Do Red Lobster's Crabfest Entrées Hold Up After an Hour-Long Subway Ride?
I tried bringing Crabfest to my home, because I'm going through something.
The train was crowded—it was rush hour—but the seats on either side of me were empty, likely due to all the crab I was trafficking. I didn't mind the stares, because I knew that in a quick 60 minutes, I'd be in Brooklyn, on a couch, eating crabs, crab pasta, and all sorts of crab accoutrements. But would the food taste as fresh as if I'd just crabbed the crab out of the Hudson, or wherever the Times Square Red Lobster crabs its crab? I wasn't sure, but I was ready to take the risk, because the biggest risk of all is not taking any risk, and I like crab.
For the first time ever, Red Lobster's annual Crabfest is available for pick-up via the restaurant chain's new online ordering platform. Who is ordering Crabfest to-go? I wondered. Isn't the whole point of Crabfest—and other similar fests, like Coachella or the Reputation World Tour—that you're there in person, celebrating with a like-minded community? But then I let myself explore the fantasty of eating crab on my couch, pants unbottoned, sucking those hard-to-access crab parts for scraps of meat without fear of ridicule, and everything made sense: Eating crab in private was my destiny.
Indulging my pathological obsession with American chain restaurants and their Times Square locations, I decided to celebrate Crabfest To Go.
I'd ordered two dishes: the Crab Lover’s Dream (jumbo snow crab legs, North Pacific king crab legs, crab linguini alfredo, and a side) and the Crabfest Combo (more than a pound of jumbo snow crab legs paired with Dungeness crab and a side.) After picking up my order seamlessly at the Times Square Red Lobster, I commuted back to my friend's apartment in Brooklyn; I alerted her that we'd be eating takeout crab for dinner, so she should adjust and/or cancel her other plans accordingly. (Despite being a Crab Lover®, I knew I shouldn't eat several pounds of crab by myself, so I roped in a pal to help keep myself in check.)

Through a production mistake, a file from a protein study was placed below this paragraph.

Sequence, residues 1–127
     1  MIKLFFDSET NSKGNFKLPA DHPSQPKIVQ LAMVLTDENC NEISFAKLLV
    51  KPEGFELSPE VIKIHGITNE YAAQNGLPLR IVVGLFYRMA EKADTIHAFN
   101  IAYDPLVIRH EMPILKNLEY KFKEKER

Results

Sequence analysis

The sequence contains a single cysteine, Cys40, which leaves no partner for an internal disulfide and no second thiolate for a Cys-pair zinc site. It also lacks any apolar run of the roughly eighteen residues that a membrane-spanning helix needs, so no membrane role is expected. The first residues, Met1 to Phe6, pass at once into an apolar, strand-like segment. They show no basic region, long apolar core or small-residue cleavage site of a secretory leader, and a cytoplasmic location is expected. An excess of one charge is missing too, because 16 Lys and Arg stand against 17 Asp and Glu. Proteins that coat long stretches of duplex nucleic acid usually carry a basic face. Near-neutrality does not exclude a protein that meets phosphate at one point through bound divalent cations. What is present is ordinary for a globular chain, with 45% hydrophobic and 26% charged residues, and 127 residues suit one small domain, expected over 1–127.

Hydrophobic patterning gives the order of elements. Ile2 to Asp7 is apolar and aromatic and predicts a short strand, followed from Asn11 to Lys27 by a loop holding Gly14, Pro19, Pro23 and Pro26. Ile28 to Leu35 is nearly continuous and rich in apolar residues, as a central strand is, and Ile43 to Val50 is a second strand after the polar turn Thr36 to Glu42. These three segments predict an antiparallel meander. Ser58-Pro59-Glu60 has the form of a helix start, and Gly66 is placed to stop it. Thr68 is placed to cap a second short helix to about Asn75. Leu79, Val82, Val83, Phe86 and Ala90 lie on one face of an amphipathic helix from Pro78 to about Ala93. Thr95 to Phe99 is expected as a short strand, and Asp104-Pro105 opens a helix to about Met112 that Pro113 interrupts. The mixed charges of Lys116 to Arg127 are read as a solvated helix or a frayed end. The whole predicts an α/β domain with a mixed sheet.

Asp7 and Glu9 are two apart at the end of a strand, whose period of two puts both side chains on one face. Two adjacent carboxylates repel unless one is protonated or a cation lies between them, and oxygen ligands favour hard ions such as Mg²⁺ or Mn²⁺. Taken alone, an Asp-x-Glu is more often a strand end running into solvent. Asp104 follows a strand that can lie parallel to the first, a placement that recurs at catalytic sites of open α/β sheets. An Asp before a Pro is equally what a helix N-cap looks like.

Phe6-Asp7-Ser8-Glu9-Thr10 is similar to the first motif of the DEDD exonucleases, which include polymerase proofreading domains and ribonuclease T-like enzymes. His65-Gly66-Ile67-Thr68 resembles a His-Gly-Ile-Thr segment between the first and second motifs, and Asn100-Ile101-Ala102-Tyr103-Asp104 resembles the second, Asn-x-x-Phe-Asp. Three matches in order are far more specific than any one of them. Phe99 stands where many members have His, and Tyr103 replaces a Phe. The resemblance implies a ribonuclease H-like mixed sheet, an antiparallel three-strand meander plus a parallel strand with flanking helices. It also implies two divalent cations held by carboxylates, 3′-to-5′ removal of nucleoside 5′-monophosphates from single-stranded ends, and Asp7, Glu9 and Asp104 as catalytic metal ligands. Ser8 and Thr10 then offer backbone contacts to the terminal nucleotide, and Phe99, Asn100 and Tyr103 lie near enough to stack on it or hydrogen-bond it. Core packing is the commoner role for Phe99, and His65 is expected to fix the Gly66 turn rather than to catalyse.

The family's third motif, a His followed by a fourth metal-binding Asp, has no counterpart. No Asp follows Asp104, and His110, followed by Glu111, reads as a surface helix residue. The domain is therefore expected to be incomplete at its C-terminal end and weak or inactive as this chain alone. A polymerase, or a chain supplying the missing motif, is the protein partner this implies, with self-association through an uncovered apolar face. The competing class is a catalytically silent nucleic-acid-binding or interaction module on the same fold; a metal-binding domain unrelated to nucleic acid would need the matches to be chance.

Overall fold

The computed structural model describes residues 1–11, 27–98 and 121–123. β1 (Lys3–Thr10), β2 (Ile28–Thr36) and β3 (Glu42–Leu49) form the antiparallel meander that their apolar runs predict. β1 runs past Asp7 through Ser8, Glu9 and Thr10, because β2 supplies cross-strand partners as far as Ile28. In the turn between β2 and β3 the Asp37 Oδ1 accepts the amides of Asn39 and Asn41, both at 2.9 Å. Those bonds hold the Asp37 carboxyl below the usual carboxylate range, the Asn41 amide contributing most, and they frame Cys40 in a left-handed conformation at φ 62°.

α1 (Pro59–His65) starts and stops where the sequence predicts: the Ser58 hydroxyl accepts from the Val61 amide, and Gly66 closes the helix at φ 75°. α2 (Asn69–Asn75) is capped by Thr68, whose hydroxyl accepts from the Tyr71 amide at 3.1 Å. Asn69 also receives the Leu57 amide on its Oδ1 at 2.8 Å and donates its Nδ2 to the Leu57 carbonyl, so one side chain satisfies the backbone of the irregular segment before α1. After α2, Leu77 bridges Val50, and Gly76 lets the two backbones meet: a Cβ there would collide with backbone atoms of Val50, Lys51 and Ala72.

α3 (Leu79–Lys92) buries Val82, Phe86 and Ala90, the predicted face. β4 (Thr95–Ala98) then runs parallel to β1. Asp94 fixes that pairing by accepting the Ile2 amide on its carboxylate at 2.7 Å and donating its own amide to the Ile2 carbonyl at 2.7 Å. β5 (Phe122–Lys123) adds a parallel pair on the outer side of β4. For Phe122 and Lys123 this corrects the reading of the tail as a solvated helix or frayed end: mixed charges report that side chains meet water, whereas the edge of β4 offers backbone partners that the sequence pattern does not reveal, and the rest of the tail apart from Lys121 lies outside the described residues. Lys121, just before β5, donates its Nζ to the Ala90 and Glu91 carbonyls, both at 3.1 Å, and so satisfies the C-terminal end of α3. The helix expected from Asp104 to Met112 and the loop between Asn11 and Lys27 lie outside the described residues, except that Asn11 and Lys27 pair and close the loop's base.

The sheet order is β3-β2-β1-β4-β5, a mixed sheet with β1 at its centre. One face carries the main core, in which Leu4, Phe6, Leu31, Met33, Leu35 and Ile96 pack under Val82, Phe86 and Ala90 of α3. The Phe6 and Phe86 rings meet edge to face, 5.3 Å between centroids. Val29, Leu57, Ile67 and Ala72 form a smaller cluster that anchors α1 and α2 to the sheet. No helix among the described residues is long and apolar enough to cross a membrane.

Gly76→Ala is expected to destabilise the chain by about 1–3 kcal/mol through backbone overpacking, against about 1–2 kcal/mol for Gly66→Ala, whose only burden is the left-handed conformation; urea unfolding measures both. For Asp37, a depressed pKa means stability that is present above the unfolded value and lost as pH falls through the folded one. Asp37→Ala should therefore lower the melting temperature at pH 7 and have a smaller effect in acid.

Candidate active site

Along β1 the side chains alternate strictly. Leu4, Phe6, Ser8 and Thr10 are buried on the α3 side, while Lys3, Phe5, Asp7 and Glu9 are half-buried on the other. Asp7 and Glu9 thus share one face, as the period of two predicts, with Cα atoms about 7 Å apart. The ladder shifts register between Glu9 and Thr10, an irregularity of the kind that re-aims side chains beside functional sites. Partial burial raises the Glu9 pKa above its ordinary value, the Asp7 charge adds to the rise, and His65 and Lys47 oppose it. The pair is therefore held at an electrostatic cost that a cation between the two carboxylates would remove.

So how do Crabfest entrées taste after rattling around in containers for over an hour? Still like Crabfest, just not piping hot—so exactly what you'd expect. The fries were somewhat soggy, but I didn't mind because they'd sopped up that luscious crab steam juice. (Sorry.) Everything else hit the spot: the crab linguini alfredo was as butter-drenched as you'd expect and want, the noodles so overcooked as to absorb the soft, salty clumps of crab sauce. The steamed crab itself was sweet and perfectly fine, made divine when submerged in liquid butter for five slow seconds. I don't need crab to be super-hot when I eat it; in fact, I think crab is best served room temperature to chilled, so the cool-down period worked in its favor.
The thing about Crabfest is—it's a spirit inside of you. It's not attached to a place; it's an energy in your core that is activated wherever you happen to be eating crab, even if it's on your friend's couch and even if you're crying because they included a whole bag of Cheddar Bay Biscuits, and hell, you just really needed a win right now.
Would I order Crabfest To Go again? Yes. Was it the best crab I've ever had in my life? Hardly. Should we eat melted butter with more foods? Absolutely.